associations between psychological or emotional traits and the incidence of respiratory infections.
Meditation and Imaging
Meditation, one of the most common mind-body interventions, is a conscious mental process that induces
a set of integrated physiological changes termed the relaxation response. Functional magnetic resonance
imaging (fMRI) has been used to identify and characterize the brain regions that are active during
meditation. This research suggests that various parts of the brain known to be involved in attention and in
the control of the autonomic nervous system are activated, providing a neurochemical and anatomical
basis for the effects of meditation on various physiological activities.
Recent studies involving imaging
are advancing the understanding of mind-body mechanisms. For example, meditation has been shown in
one study to produce significant increases in left-sided anterior brain activity, which is associated with
positive emotional states. Moreover, in this same study, meditation was associated with increases in
antibody titers to influenza vaccine, suggesting potential linkages among meditation, positive emotional
states, localized brain responses, and improved immune function.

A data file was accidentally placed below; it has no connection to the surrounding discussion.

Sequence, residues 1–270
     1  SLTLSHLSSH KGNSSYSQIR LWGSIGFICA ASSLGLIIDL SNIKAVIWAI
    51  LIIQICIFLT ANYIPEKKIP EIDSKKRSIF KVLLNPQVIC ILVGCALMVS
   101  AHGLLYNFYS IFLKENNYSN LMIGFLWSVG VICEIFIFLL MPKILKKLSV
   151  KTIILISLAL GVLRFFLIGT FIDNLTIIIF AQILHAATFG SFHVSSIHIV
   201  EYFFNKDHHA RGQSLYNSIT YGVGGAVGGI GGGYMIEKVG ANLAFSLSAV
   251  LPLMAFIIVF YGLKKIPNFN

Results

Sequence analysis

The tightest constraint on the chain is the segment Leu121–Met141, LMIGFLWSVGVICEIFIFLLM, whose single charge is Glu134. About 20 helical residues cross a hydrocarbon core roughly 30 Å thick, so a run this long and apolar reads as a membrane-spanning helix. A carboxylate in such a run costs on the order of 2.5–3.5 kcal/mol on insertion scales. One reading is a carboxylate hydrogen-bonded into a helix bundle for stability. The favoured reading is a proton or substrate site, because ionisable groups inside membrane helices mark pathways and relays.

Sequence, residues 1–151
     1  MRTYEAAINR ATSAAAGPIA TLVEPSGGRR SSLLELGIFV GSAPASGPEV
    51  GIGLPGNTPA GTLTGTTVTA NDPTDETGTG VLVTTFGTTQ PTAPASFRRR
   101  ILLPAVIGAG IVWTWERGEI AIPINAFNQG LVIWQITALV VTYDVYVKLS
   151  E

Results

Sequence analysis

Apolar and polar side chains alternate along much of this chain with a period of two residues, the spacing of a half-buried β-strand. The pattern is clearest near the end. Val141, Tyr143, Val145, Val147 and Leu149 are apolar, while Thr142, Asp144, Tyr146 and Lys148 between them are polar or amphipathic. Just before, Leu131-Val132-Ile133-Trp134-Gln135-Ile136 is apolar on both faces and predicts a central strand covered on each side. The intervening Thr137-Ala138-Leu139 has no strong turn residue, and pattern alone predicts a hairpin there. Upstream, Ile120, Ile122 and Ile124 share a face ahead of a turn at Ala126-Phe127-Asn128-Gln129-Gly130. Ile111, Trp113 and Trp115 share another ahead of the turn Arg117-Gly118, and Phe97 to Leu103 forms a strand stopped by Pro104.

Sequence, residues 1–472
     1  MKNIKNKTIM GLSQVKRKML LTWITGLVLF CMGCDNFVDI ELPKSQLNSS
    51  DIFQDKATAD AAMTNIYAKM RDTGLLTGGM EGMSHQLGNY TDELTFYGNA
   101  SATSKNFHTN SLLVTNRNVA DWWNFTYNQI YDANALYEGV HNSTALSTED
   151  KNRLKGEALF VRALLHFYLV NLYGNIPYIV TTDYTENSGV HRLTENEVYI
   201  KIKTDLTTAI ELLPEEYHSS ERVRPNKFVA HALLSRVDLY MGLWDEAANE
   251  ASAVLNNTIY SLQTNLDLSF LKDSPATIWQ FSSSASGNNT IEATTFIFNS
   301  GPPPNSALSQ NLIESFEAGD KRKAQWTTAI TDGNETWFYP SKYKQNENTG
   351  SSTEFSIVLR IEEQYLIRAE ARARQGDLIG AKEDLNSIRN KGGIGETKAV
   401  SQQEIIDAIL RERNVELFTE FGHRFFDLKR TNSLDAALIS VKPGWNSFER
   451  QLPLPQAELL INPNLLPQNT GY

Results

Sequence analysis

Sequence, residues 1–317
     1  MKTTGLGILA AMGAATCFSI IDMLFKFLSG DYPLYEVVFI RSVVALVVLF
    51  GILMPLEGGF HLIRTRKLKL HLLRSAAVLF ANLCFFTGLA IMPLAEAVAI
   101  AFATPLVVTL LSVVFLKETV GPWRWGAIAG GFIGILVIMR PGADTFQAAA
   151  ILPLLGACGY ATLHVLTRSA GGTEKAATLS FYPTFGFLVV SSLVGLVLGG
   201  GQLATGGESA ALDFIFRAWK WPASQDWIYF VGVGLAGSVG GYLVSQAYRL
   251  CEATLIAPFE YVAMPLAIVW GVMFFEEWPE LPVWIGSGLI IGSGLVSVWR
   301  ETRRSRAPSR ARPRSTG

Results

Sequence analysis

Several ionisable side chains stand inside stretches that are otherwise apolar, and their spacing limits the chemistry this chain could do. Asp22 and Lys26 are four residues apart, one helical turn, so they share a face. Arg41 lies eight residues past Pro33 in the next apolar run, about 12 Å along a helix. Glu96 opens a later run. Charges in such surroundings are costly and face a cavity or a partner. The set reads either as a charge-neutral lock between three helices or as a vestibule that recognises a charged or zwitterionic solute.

Physiology of Expectancy (Placebo Response)
Placebo effects are believed to be mediated by both cognitive and conditioning mechanisms. Until
recently, little was known about the role of these mechanisms in different circumstances. Now, research
has shown that placebo responses are mediated by conditioning when unconscious physiological
functions such as hormonal secretion are involved, whereas they are mediated by expectation when
conscious physiological processes such as pain and motor performance come into play, even though a
conditioning procedure is carried out.
Positron emission tomography (PET) scanning of the brain is providing evidence of the release of the
endogenous neurotransmitter dopamine in the brain of Parkinson’s disease patients in response to
Evidence indicates that the placebo effect in these patients is powerful and is mediated through
activation of the nigrostriatal dopamine system, the system that is damaged in Parkinson’s disease. This
result suggests that the placebo response involves the secretion of dopamine, which is known to be
important in a number of other reinforcing and rewarding conditions, and that there may be mind-body
strategies that could be used in patients with Parkinson’s disease in lieu of or in addition to treatment with
dopamine-releasing drugs.
Stress and Wound Healing
Individual differences in wound healing have long been recognized. Clinical observation has suggested
that negative mood or stress is associated with slow wound healing. Basic mind-body research is now
confirming this observation. Matrix metalloproteinases (MMPs) and the tissue inhibitors of
metalloproteinases (TIMPs), whose expression can be controlled by cytokines, play a role in wound
Using a blister chamber wound model on human forearm skin exposed to ultraviolet light,
researchers have demonstrated that stress or a change in mood is sufficient to modulate MMP and TIMP
expression and, presumably, wound healing.
Activation of the hypothalamic-pituitary-adrenal (HPA)